Crafting Your Brand’s Story: Content Jam 2013 Recap

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This year’s Content Jam featured 16 experts in break-out sessions addressing topics on four tracks: strategy, promotion, creation and measurement.

Content Jam is a marketing conference for marketers interested in creating authentic connections between brands and the people who love those brands. It’s a place where content creators — those people in charge of crafting the copy that goes in email newsletters, on blogs and websites, and distributed over social media channels — gather to learn how to do a better job not at tricking audiences into hearing messages they don’t want (the unfortunate theme of many marketing conferences), but at building communities around businesses with content that strengthens relationships between customers and brands.

This year’s Content Jam four tracks — strategy, promotion, creation, and measurement — that centered around three reoccurring themes:

  • Be authentic.
  • Build a story around your brand.
  • Measure what is effective.

Authenticity is the Key to Creating Audience Connections

Authenticity, as it relates to marketing and branding, can be a bit nebulous, but it starts with taking a creative approach to the design of your communication with customers. There’s no right or wrong way to “be authentic” — it means something different for each organization — but there are a few key tenants of an authentic communication strategy:

  • Be transparent about your business practices, who works for your company, and how you go about solving customer problems. (Southwest Airlines does a great job of this on their website.)
  • Own up to your mistakes and mis-steps. (For good examples, check out these 10 Famous Corporate Apologies.)
  • Be passionate about connecting customers to your product or service because you believe you solve their problems in a way no one else can. (This passion is reflected in MailChimp’s blog every time they release a new feature.)
  • Strike a balance between telling the story of who you are and what you stand for and telling people about what you sell. (A great local example: J.C. Lind Bike Co. Their website showcases bikes for sale, but also celebrates the cycling lifestyle.)

Jodi Navta, VP Marketing and Communications for Coyote Logistics, talked about authenticity in her Content Jam presentation, Five Steps to Building Big and Scaling Fast Through Content Marketing.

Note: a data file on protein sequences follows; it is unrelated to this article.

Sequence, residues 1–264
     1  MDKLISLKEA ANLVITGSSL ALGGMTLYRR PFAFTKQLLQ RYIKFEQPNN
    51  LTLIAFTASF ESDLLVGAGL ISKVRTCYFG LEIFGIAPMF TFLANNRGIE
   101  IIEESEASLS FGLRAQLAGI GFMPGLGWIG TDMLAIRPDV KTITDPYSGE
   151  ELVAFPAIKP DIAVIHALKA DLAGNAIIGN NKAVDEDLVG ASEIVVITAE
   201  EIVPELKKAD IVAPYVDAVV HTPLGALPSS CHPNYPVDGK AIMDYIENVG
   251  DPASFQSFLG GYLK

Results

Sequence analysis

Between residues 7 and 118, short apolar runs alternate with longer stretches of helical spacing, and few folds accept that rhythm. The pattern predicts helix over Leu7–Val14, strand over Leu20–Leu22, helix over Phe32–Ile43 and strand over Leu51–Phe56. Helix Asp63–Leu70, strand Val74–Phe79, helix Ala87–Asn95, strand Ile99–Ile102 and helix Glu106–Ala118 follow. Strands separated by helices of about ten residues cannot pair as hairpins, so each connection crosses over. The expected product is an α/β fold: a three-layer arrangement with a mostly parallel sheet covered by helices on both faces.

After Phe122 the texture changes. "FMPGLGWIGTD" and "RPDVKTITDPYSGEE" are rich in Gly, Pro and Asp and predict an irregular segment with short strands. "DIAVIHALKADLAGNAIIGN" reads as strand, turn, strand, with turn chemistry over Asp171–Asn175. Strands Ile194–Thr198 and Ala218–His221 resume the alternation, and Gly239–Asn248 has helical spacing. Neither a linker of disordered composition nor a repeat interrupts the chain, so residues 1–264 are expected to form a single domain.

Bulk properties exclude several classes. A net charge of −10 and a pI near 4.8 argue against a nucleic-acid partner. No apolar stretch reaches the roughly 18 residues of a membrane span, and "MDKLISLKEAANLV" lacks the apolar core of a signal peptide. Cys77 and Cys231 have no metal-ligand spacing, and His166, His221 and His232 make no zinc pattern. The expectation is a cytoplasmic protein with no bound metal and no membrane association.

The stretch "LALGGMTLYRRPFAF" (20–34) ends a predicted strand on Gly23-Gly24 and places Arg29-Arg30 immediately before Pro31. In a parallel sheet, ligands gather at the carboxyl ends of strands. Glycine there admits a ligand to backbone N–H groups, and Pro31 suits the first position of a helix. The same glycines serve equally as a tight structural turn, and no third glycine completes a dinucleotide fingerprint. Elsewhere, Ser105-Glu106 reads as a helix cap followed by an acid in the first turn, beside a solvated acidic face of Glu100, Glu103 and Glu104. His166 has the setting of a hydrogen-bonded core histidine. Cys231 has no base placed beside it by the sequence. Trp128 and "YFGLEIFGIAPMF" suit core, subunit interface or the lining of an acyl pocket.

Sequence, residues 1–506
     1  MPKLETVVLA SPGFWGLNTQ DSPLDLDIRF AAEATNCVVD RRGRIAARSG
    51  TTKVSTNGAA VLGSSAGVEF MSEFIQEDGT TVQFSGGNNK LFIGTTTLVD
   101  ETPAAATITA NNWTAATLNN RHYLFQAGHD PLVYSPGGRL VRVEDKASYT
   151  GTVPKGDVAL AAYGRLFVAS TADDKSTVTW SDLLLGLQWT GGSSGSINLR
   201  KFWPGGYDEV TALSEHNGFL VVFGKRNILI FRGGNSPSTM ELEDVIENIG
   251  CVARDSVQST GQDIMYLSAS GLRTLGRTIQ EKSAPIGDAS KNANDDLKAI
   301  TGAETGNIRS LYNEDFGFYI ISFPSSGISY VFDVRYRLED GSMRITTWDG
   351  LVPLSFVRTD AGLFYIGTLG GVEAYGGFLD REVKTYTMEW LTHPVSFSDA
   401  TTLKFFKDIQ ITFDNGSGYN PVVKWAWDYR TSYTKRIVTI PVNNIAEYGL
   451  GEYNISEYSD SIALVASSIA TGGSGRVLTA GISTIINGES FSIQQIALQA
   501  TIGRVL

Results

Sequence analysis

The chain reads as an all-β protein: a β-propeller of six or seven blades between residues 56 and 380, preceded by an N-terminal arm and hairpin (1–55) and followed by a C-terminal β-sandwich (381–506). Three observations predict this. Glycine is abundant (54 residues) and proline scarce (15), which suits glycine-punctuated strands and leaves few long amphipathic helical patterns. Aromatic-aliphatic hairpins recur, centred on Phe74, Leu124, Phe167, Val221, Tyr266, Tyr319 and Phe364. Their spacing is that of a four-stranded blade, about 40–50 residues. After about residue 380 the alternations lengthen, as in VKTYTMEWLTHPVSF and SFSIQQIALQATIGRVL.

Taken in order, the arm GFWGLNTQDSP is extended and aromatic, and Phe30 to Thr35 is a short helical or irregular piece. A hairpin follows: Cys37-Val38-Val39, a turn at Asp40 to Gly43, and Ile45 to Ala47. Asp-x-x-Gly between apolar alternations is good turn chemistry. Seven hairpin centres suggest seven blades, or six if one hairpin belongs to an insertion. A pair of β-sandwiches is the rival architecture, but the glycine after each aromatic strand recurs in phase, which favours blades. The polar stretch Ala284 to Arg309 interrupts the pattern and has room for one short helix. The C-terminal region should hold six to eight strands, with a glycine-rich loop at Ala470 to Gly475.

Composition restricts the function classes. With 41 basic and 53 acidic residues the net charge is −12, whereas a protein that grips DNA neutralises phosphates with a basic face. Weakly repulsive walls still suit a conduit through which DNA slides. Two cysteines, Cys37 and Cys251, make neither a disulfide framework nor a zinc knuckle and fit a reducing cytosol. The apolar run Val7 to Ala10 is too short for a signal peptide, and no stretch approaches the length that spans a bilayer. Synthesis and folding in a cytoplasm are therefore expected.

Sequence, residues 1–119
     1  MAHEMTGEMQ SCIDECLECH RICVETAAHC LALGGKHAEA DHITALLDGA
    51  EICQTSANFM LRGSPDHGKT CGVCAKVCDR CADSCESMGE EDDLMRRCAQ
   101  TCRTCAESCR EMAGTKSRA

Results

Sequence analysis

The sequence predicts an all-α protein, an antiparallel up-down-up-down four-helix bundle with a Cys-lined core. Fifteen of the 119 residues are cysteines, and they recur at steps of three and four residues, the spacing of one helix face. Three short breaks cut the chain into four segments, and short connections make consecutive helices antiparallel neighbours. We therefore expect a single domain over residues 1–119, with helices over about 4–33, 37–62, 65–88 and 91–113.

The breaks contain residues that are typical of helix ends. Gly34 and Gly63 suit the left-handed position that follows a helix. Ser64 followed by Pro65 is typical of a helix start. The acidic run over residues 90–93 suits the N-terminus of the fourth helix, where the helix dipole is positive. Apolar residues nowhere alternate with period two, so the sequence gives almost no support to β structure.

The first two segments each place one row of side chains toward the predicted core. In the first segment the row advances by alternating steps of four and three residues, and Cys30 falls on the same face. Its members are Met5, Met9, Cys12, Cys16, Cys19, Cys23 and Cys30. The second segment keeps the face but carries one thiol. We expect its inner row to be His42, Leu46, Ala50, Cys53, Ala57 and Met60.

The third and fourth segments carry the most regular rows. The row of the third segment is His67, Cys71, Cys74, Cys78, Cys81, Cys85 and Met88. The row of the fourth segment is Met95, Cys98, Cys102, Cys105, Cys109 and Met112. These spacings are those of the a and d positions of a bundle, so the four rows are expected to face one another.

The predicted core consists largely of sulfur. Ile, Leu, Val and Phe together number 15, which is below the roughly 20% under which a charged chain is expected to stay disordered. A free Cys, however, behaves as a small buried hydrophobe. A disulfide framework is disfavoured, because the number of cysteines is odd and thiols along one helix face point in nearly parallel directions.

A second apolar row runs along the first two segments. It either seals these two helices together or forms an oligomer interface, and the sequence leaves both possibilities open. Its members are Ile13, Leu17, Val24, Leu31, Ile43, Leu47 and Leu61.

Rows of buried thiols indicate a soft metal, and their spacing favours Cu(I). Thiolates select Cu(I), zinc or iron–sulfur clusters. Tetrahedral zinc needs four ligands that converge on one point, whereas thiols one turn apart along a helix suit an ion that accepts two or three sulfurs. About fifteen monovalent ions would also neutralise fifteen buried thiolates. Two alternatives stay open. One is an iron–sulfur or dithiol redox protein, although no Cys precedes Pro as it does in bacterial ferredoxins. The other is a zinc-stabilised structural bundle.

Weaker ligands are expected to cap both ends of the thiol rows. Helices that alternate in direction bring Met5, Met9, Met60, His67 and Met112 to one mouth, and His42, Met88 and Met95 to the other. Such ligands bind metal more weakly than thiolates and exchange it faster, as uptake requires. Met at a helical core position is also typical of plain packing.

Mightybytes founder Tim Frick dons one-inch Button-o-Matic Content Jam buttons, courtesy of Busy Beaver Button Co.

The Story of Your Brand is Your Greatest Marketing Assest, so Learn to Use it Effectively

A brand’s “story” is a combination of everything a brand puts into the world, from its founding legend, to its products, to its customer service. Brands with strong stories have customers that can summarize, at dinner parties:

  • Who founded the company and why?
  • What problem does the company solve?
  • How does the company solve a problem in a way that’s unique from other solutions?
  • Who works at the company?
  • What does the company make, build, or sell?
  • Why do customers love the company?
  • Why do YOU love the company?

Great brand narratives don’t happen by chance, they’re created. Content — website copy, blog posts, email newsletters, videos, webinars, white papers — should reflect a cohesive answer to the questions above to affirm a brand narrative.

Some examples from Content Jam presentations on how to create brand narratives and foster advocates:

Measuring the Effectiveness of your Content is the New Black

Many content marketers came to marketing from other disciplines: fiction writing, journalism, theater, education, beekeeping, etc. Content creation is an inherently creative practice, so it comes as no surprise that, as creative types, lots of content creators shy away from data.

This year, Content Jam put a huge emphasis on measurement, with presentations dedicated to creating and tracking content goals with the use of data.

Goals? Data? Sounds like scary stuff. It used to be, “I came, I blogged, I went out for drinks.” But because online marketing can be tracked — through click rates, conversions, sales leads — marketers are increasingly responsible for tracking return on investment. In her keynote presentation, Gini Dietrich noted that while 93% of marketers are using content marketing, more than half don’t have a documented strategy or don’t know if they do. No strategy means no measurement! That’s not good.

The good news is that tracking and measuring content marketing results doesn’t have to be scary. The process can be broken down into a few steps:

  1. State your goals. And not too many of them — maybe five, tops.
  2. Figure out a way to track those goals.
  3. Set a timeline for measurement.
  4. Check in: did you meet the goals?
  5. If yes, repeat. If not, re-strategize.

For more from Content Jam on creating and tracking content goals, check out:

If you’re excited by this authentic approach to marketing and want to join a community of people who are excited about it, too, I’d highly recommend attending Content Jam next year.

Follow These Content Jam People on Twitter

Content Jam was organized by:

Some of the 2013 presenters:

Marti Konstant @martikonstant
Andy Crestodina @crestodina
Jill Pollack @jill_pollack
Jill Salzman @foundingmom
Gini Dietrich @ginidietrich
Jodi Navta @jodinavta
Luvvie Ajayi @iluvvit
Brad Farris @blfarris
Keith Ecker @keithecker
James Ellis @saltlab

Or leave a comment here and we can talk some more about creating awesome content!

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